'In America two trends meet presently, an every measure crossing, basically from Jewish side fed hatred propaganda against Germany and the long-term crisis of the economy, towards all attempts Roosevelt's fail and from which one sees a solution at the moment only in a European war. The American industry busy only now to 25% would be converted immediately in quite different circumference than in 1914/1918 into a war industry of inconceivable efficiency.'

Few days before the declaration of war, on the 7th December 1941, Japan had stepped in the war with the United States with the attack on Pearl Harbor. On the 5th December 1941 the Red Army had lined up to the counteroffensive near Moscow. Germany, Japan and Italy had concluded before the tripartite agreement (Dreimächtepakt).

The war explanation takes general realations on incidents with the American warships 'Greer', 'Kearny' and 'Reuben James' in the north Atlantic and Roosevelts 'Shoot-on-sight' order against ships of the Axis powers.

Hitler pursued up to November 1941 towards the USA a widely defensive policy. He had hoped up to Soviet counteroffensive on the 5th December 1941 before Moscow, to keep out the USA of the European war events to finish first, as planned, enterprise 'Barbarossa' against the Soviet Union, so that no war on two fronts would originate.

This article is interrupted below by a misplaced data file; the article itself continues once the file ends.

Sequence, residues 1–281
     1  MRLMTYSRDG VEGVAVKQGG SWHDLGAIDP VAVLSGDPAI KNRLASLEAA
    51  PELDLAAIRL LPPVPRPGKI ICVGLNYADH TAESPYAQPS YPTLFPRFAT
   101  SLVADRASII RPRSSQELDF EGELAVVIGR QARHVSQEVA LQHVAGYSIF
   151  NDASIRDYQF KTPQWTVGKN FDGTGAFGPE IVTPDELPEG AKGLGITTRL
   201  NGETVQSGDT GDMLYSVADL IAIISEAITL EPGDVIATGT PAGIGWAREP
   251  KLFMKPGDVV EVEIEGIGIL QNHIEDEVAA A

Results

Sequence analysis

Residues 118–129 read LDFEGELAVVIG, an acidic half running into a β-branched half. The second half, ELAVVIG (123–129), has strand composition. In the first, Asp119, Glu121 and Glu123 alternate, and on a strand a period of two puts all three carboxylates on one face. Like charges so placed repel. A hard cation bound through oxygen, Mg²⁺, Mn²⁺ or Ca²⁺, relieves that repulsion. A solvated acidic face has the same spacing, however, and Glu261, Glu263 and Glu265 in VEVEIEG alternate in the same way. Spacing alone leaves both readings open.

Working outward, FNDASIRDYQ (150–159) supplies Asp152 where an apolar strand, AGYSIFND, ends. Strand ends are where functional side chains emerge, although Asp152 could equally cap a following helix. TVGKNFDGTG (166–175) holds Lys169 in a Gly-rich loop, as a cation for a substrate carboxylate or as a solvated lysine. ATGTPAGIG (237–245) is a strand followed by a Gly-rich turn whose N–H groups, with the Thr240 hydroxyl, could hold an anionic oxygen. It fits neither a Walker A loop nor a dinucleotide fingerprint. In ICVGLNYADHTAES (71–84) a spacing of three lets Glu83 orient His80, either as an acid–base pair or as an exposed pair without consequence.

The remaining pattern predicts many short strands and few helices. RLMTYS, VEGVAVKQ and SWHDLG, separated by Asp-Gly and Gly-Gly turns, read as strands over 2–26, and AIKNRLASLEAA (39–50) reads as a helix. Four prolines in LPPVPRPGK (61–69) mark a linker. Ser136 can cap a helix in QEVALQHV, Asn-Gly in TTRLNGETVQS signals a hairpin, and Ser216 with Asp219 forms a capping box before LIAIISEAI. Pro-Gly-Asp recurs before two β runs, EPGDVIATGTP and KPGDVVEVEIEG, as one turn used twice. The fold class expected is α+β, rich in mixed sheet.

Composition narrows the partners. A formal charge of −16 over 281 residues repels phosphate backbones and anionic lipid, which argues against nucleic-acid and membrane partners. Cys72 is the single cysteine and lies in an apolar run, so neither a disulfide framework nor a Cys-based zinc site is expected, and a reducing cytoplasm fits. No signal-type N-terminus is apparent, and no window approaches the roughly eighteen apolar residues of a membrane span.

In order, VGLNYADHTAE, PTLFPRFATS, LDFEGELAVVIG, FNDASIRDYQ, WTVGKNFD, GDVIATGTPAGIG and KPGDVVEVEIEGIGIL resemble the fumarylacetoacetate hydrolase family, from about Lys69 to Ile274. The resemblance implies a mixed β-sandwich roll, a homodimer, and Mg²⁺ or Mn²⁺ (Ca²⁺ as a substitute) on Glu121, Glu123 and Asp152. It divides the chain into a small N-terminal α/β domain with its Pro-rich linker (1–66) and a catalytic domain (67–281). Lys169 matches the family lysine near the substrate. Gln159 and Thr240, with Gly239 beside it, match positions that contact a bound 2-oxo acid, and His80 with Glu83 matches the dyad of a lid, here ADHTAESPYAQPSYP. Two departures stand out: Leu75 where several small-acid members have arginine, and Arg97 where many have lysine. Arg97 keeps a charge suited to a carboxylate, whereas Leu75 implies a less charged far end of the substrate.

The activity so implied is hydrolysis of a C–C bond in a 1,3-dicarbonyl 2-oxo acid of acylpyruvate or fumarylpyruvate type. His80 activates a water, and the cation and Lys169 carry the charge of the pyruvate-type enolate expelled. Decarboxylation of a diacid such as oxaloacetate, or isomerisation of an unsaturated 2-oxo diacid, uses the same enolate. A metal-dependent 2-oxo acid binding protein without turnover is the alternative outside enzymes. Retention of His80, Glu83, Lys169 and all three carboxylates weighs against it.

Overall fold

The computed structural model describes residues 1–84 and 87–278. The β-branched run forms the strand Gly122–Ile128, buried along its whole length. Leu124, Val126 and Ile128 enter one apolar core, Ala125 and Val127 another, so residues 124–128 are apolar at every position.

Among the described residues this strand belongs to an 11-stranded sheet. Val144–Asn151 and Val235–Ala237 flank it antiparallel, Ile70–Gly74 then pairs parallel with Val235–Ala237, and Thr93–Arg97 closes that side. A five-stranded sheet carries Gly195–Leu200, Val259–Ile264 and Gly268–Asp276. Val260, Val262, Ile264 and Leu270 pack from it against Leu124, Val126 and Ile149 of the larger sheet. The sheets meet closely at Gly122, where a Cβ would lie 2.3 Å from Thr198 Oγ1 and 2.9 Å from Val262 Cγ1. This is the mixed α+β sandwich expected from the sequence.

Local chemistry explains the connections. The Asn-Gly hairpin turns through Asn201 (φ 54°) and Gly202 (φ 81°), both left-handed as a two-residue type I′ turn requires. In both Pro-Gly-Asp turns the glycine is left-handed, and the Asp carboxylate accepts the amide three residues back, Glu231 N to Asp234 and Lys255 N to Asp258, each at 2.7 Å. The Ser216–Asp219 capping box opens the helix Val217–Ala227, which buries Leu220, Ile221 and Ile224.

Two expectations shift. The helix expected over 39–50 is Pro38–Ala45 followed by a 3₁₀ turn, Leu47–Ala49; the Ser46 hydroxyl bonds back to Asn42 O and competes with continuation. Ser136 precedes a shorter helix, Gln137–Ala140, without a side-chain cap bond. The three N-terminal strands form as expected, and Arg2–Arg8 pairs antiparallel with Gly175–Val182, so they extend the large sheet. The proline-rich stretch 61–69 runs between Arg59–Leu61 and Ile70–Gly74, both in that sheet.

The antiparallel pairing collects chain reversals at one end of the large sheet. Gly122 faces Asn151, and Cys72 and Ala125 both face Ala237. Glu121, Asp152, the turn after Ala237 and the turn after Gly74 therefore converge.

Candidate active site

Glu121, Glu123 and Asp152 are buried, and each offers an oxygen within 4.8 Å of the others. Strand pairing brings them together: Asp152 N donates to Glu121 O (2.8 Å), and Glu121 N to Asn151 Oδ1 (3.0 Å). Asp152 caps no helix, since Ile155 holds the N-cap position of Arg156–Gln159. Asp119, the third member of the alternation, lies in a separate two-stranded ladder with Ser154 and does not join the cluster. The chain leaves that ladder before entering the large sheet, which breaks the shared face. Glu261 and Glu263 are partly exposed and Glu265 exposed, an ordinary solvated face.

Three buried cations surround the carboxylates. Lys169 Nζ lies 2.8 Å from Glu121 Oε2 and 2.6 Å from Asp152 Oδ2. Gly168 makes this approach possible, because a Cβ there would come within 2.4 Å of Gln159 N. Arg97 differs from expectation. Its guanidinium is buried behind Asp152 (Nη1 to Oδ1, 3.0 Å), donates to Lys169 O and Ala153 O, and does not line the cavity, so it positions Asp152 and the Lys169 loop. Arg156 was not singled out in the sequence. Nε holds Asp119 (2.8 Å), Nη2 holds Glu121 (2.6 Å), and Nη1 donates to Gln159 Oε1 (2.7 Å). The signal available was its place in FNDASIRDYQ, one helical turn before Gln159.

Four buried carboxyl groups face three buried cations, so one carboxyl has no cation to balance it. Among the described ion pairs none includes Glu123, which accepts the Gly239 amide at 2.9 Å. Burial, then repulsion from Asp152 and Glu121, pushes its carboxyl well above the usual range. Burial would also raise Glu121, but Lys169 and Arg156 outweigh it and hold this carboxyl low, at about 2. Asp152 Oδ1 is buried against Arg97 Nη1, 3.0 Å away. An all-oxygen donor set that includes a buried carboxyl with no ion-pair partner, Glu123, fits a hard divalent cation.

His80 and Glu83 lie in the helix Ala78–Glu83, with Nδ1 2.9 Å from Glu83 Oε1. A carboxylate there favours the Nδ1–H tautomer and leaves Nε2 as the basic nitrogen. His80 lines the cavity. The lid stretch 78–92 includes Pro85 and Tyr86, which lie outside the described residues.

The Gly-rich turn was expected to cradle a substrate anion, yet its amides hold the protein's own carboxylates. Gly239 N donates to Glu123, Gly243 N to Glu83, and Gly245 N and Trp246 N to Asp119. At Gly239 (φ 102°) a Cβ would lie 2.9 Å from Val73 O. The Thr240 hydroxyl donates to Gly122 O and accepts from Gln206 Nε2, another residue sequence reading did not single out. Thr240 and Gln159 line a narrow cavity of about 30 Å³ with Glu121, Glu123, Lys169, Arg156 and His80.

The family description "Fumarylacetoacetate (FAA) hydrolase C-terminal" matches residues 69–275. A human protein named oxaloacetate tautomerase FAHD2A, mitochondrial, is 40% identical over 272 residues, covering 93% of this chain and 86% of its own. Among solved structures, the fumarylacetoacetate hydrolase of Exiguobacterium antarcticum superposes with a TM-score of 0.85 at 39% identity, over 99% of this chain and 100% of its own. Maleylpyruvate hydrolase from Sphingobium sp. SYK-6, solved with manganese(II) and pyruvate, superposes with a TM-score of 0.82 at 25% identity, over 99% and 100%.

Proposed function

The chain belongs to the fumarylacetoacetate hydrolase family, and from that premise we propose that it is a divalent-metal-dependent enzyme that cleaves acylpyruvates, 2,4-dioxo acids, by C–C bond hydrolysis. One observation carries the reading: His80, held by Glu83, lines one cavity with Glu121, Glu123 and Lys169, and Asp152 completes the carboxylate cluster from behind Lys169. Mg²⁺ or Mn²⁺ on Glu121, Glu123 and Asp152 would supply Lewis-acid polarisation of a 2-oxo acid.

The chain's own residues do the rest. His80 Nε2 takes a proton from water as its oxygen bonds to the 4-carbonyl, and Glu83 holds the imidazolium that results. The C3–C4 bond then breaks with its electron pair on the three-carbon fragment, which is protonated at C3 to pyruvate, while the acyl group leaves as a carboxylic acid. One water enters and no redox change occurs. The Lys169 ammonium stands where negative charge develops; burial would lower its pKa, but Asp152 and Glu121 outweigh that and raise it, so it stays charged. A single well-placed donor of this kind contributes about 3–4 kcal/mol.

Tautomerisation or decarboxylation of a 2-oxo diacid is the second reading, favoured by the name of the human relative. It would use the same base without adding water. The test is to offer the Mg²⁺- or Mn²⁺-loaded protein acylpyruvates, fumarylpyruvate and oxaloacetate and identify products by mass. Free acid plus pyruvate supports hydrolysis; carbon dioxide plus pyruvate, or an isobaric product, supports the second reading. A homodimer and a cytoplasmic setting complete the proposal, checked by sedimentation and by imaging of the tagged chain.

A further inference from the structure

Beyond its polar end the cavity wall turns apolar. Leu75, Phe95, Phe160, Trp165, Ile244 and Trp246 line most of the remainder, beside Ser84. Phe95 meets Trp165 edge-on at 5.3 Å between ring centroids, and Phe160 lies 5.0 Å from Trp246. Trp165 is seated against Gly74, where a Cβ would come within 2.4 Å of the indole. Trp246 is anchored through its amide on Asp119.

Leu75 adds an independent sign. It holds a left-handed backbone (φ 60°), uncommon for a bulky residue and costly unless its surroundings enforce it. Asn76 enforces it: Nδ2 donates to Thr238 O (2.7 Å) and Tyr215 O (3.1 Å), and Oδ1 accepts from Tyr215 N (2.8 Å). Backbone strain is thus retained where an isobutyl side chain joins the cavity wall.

Reasons:

Then the point of view of Hitler changed within less weeks for three different reasons:

- The failure of the Blitzkrieg strategy against the Soviet Union,
- the tensions by the open American support for Great Britain and the Soviet Union,
- the more and more often growing preventive measures of the US-Navy against German submarines in the north Atlantic.

The state secretary of the Ministry of Foreign Affairs Ernst von Weizsäcker noticed on the 10th December 1941:

'One lays value on the fact, that the U.S. not us, but we tell them the state of the war.'


Source:

Bernd Wegner: Hitlers Strategie zwischen Pearl Harbor und Stalingrad, in: Der Globale Krieg - Die Ausweitung zum Weltkrieg und der Wechsel der Initiative 1941–1943, Stuttgart 1990.

Gerhard L. Weinberg: Die deutsche Politik gegenüber den Vereinigten Staaten im Jahr 1941, in: Jürgen Rohwer/ Eberhard Jäckel (Hrsg.): Kriegswende Dezember 1941, Koblenz 1984.

Internationales Militärtribunal Nürnberg: Der Prozess gegen die Hauptkriegsverbrecher. Nürnberg 1947, Band 36, S. 492. Dokument EC-419.

Leonidas Hill (Hrsg.): Die Weizsäcker-Papiere 1933 – 1950, Frankfurt am Main, Berlin, Wien 1974.